Financial Engines for a 401K-What do you think?

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msj16
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Financial Engines for a 401K-What do you think?

Post by msj16 » Wed Nov 02, 2011 12:07 pm

Hello everyone,

Available to my dh's 401K is now financial engines. We are given two options: (1) online help for free or (2) professional management. I am really against the professional management piece, since once you sign up, the program automatically buys/sells/rebalances according to their computer model without your input. The customer rep said many people were "taken aback," once they signed up, not realizing that the plan would take effect immediately without their ongoing permission. The sales pitchy letter my dh got got did not make it clear how the program would work. The rep also said the professional help just puts into place what the free online help tells you to do.

Is the online help useful? Does anyone think that the professional help - costing about 1000 a year is valuable?

Your advice is appreciated.

msj

livesoft
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Re: Financial Engines for a 401K-What do you think?

Post by livesoft » Wed Nov 02, 2011 12:17 pm

Waste of money. Waste of time.
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Grt2bOutdoors
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Re: Financial Engines for a 401K-What do you think?

Post by Grt2bOutdoors » Wed Nov 02, 2011 12:26 pm

My 401k offers the same service. IMHO, I second Livesofts opinion. From my experience, I use it as a sounding board of "will I have enough?" only. If I were to run their analyzing my portfolio option for a period of two weeks, I find that Financial Engines is constantly (meaning each day) :o offering suggestions to either increase or decrease allocations, sometimes substantially so and dramatically increasing beta to achieve somewhat dubious returns and/or expected annual income returns. Investing 40% of my overall portfolio in Emerging Markets is waaaay too much risk for me.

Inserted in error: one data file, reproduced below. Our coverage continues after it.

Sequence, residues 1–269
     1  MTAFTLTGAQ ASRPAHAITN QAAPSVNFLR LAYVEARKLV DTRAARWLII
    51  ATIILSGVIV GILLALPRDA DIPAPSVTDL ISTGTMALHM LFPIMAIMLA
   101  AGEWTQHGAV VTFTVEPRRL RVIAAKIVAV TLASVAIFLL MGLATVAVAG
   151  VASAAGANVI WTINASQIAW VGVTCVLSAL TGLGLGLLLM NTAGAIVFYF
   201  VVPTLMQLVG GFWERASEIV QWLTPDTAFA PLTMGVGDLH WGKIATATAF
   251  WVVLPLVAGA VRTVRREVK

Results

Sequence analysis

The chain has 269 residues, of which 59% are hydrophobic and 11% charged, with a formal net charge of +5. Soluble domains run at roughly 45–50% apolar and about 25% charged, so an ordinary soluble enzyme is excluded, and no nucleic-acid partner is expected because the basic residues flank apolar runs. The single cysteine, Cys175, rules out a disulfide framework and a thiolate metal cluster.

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mhc
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Re: Financial Engines for a 401K-What do you think?

Post by mhc » Wed Nov 02, 2011 3:15 pm

Low cost, passive, diversified investing is too easy to need a tool like Financial Engine. You can easily do better than it on your own with just a little education and thinking. I don't mean this in a bad way, but if you want to just shut off your brain and following a computer algorithm, go for it.

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msj16
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Re: Financial Engines for a 401K-What do you think?

Post by msj16 » Wed Nov 02, 2011 3:53 pm

livesoft-Thanks for the brutal honesty. It is a good antithesis to all of the salesmanship.

grt2boutdoors -This sounds like paying a stockbroker who then has to show you a reason for their existence in the first place! Thank you for the feedback.